Granville, last May at a rum-
Today last Chance
Far AMS Photos
The registration photo-
grapher will be in the double
committee room in Brock
Hall today between 11:30
a.m. and 3:30 p.m. to take
photos of those who failed
to have them taken during
registration week.
The photos will appear on
AMS. identification cards
and in the Totem.
oured $1,250,000, and presented it to the Foundation formed
especially for the purpose of
spending the money.
It is estimated that the building will produce an annual revenue of $50,000 to $75,000 in
perpetuity for the  foundation.
Board member Dean Myron
M. Weaver told the Ubyssey
Wednesday that no plans had
been made for the million-
dollar windfall.
"Dr. MacKenzie is the only
one authorized to make statements," said Dean of Medicine
Myron M. Weaver, "but I can
tell you that no plans have yet
been made."
Dr. MacKenzie was unavailable for comnfbnt.
Bus Schedule
Remains   Same
There will be no change
in University bus service this
year, B.C. Electric officials
announced today.
Buses leave the Blanca
loop at ten and fifteen minute intervals, between the
hours of 6:15 a.m. and 12:50
a.m.
'tween clones
Elect Frosh Queen
At Splash Party
V.O.C. SPLASH PARTY on
Friday, Sept. 23, in Memorial
Gym foyer. Swim 8 p.m. to 10
p.m.; dance 9 p.m. to 12 p.m.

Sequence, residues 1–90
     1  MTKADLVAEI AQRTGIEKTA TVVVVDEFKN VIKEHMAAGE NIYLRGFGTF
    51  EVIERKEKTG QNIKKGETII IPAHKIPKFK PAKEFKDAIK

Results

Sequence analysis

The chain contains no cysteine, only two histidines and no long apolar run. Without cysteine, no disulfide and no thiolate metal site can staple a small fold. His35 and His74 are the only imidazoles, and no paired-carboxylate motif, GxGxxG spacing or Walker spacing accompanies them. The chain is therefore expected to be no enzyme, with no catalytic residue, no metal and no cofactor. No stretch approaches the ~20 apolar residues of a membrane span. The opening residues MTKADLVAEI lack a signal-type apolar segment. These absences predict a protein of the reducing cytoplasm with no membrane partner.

and vote for frosh queen. Froth
25 cents, others 50 cents.
*r *r *r
riRST MEETING of Chinese
Varsity Club will be held; at
noon ln HL2 on Friday, Sept.
23. All interested please come.
*\r *r flr
S.C.M. MIXER will be held
in the Brock double Committee
room Friday, Sept, 23, at 8:00
p.m. Everyone is welcome to
the party upstairs in the south
Brock.
if, if 9ft
BRING BEAU to th. International House Mixer Friday,
Sept. 23 at 8 p.m.    FREE . . .
*p *T* *f*
VARSITY CHRISTIAN Fellowship will hold a party Friday evening at 7 p.m, at west
Spanish Banks. ,
*r *r *T*
VARSITY CHRISTIAN Fellowship invites all freshmen
and newcomers to UBC to an
informal tea and reception at
3 30 today in Brock Lounge.
V *r *r
ALL INTRAMURALS Sport
representatives will meet OS
Thursday at 12:30 in Room 212
in War Memorial Gym.
*i* *P *r
DON'T FORGET the newest
club on the campus at club day
in the armouries: THE CRITICS
CIRCLE! Uncensored verbal